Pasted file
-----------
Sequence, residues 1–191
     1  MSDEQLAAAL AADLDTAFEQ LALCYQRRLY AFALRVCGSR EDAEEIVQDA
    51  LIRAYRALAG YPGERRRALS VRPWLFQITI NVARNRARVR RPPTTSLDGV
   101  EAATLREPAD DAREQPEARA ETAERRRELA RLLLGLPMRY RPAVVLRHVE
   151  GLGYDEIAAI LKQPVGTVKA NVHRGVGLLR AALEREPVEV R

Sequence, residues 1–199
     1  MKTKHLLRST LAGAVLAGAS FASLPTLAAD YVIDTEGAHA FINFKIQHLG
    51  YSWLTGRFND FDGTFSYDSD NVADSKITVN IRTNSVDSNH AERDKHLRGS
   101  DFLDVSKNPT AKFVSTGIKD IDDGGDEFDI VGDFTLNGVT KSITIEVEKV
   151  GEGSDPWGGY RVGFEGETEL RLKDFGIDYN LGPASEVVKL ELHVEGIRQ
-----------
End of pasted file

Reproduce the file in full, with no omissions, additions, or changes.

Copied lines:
Sequence, residues 1–191
     1  MSDEQLAAAL AADLDTAFEQ LALCYQRRLY AFALRVCGSR EDAEEIVQDA
    51  LIRAYRALAG YPGERRRALS VRPWLFQITI NVARNRARVR RPPTTSLDGV
   101  EAATLREPAD DAREQPEARA ETAERRRELA RLLLGLPMRY RPAVVLRHVE
   151  GLGYDEIAAI LKQPVGTVKA NVHRGVGLLR AALEREPVEV R

Sequence, residues 1–199
     1  MKTKHLLRST LAGAVLAGAS FASLPTLAAD YVIDTEGAHA FINFKIQHLG
    51  YSWLTGRFND FDGTFSYDSD NVADSKITVN IRTNSVDSNH AERDKHLRGS
   101  DFLDVSKNPT AKFVSTGIKD IDDGGDEFDI VGDFTLNGVT KSITIEVEKV
   151  GEGSDPWGGY RVGFEGETEL RLKDFGIDYN LGPASEVVKL ELHVEGIRQ